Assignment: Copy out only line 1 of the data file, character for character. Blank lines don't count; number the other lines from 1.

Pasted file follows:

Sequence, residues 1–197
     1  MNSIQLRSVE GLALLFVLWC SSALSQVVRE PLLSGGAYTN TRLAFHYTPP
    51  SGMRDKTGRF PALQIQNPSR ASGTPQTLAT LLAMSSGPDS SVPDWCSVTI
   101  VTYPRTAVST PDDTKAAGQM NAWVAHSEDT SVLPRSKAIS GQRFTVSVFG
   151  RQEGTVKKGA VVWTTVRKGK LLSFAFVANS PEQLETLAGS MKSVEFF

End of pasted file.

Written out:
Sequence, residues 1–197